“I was like, ‘Wow, this free-market stuff makes sense to me. I really like it,’” Mr. Dondero said. “Then I found out that the Libertarian Party was in favor of free-enterprise economics and wanted to legalize drugs. I said, ‘That’s me right there.’”
The series, Mr. Dondero recalled, was broadcast on public television.
“There’s some irony there,” he laughed. “If it wasn’t for PBS, I probably would not be a libertarian today.”
Bye-bye, Bon Jovi
On election night, Mr. Dondero was too nervous to watch television. Instead, he clicked back and forth between four different conservative websites, going from early-evening optimism to mid-evening despair as Florida and Virginia were not called for Mr. Romney.
“Man, I cried, and I don’t even remember the last time I cried,” he said. “I know liberals will sit there and giggle at me, but I bawled for an hour.”
The morning after the election, Mr. Dondero sent out a mass email announcing his decision to no longer associate with Democrats. Richard Winger, a San Francisco-based ballot-access specialist and Libertarian Party consultant, was one of the recipients.
“I considered [his boycott] not really mature, but I didn’t feel like arguing with him,” Mr. Winger said. “It wouldn’t do any good. Eric is very passionate about everything he does. I was sort of hoping he was over that by now.”
“Then I laid it on. ‘Oh, this store is going to start laying people off because of the Obama economy!’ I think she got scared.”
As for music, Mr. Dondero said he is a major rock ‘n’ roll fan but has “literally thrown out half” of his collection of compact discs — including albums from Jon Bon Jovi, who campaigned for Mr. Obama.
“That hurts, because I really like Bon Jovi,” Mr. Dondero said. “If Bruce Springsteen comes on the radio, I’ll switch the station. I’m thinking about dumping [the rock group] Rush, too. They used to be hard core, Ayn Rand Libertarians. Then they did an interview where they said that was just a phase. I was like, ‘Really?’
“John Cougar Mellencamp is an interesting situation. He is a big-time Democrat, and I absolutely hate him. But a couple of years ago, he had some nice things to say about Sarah Palin. So he is kind of dicey.”
Bending the rules
Mr. Dondero is the first to acknowledge: Boycotting Democrats completely isn’t entirely practical. He can’t do a background check on the partisan preferences of every musician, doesn’t have the time to figure out if every product he buys or uses comes from a corporation with liberal ties.
“I’m ashamed to admit this, but you know what? I have a Chevy pickup truck,” he said. “It was purchased in 1998, years before the auto-industry bailout. So we’re talking grandfather clause. I have to bend the rules a bit to make this work.”
In an interview with New York magazine, Mr. Dondero answered a series of increasingly difficult — and ridiculous — questions designed to test the limits of his political conviction:
A Democratic family member is dying of cancer. He wants you to come visit him in the hospital, which is within walking distance, before he passes away. Do you go?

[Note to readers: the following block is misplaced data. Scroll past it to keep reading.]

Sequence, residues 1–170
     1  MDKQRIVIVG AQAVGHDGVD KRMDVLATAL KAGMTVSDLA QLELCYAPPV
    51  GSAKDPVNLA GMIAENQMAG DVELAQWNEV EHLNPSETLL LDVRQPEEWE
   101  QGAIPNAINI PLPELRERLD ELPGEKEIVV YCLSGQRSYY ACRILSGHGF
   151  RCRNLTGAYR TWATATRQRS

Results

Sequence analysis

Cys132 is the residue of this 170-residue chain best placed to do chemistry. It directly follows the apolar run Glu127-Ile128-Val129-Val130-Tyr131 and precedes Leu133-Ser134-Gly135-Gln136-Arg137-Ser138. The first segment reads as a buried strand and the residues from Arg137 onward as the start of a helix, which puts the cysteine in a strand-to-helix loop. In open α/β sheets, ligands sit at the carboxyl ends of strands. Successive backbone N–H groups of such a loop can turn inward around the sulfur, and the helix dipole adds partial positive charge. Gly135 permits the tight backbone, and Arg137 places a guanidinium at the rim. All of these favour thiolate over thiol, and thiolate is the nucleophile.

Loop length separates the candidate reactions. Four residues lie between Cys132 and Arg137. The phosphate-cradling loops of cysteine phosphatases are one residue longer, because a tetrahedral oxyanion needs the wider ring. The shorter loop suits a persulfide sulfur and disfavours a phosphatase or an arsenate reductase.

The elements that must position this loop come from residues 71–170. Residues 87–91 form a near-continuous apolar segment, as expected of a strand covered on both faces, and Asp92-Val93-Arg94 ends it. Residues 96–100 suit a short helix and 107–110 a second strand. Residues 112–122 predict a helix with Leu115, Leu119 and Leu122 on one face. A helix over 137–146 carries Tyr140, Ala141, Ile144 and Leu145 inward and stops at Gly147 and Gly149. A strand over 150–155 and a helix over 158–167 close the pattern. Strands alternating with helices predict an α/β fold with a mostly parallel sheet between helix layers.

You come upon a neighbor — whom you know to be a Democrat — drowning in a lake. You’re the only person in the vicinity. Do you help him?
You require a risky and complicated brain surgery, one that is performed by only two neurosurgeons in the country. One is a Republican and the other is a Democrat, but the Republican is generally unknown, and the Democrat was just heralded by Time magazine as the nation’s best neurosurgeon. All other things — the cost, location, etc. — being equal, which doctor do you choose?
(For the record, Mr. Dondero answered no, not sure, and have the surgery performed in Mexico to avoid red tape.)
“It pained me to talk to a liberal magazine like that,” Mr. Dondero said. “But the guy who interviewed me was so nice. My rule now is that I tell liberal reporters to [expletive] off and die right at the beginning of the conversation. And then it’s OK for me to talk to them.”
For Mr. Dondero, the pain of speaking to liberal reporters — or even reporters he suspects to have liberal sympathies — is eased by the opportunity to spread his message. He wants others to follow his example, and said he already has been contacted by a number of supportive readers as well as a group of businesspeople in Texas, Arizona and California who collectively have decided to stop working with firms owned by Democrats.
“I don’t think you’ll see people take it to an all-encompassing extreme as I have,” he said. “But I hope people look at me to see how to do this.”
One person Mr. Dondero doesn’t have to break ties with? His wife. Originally from China, she isn’t particularly interested in American politics.
“I don’t think she realizes what all of this is about,” he said. “But I know she’s cool. She reads Chinese newspapers, and one day she turned to me and said, ‘You know, maybe I’ll become a U.S. citizen, and if I do, I think I’ll be Republican because I hate Obama.”
Mr. Dondero laughed. “I was like, ‘Right answer!’ ” he said. “No wonder I married this woman.”
© Copyright 2014 The Washington Times, LLC. Click here for reprint permission.
About the Author
Patrick Hruby is an award-winning journalist who holds degrees from Georgetown and Northwestern. He also contributes to ESPN.com and The Atlantic Online, and his work has been featured in The Best American Sports Writing. Follow him on Twitter (@patrick_hruby) and contact him at PatrickHruby.net.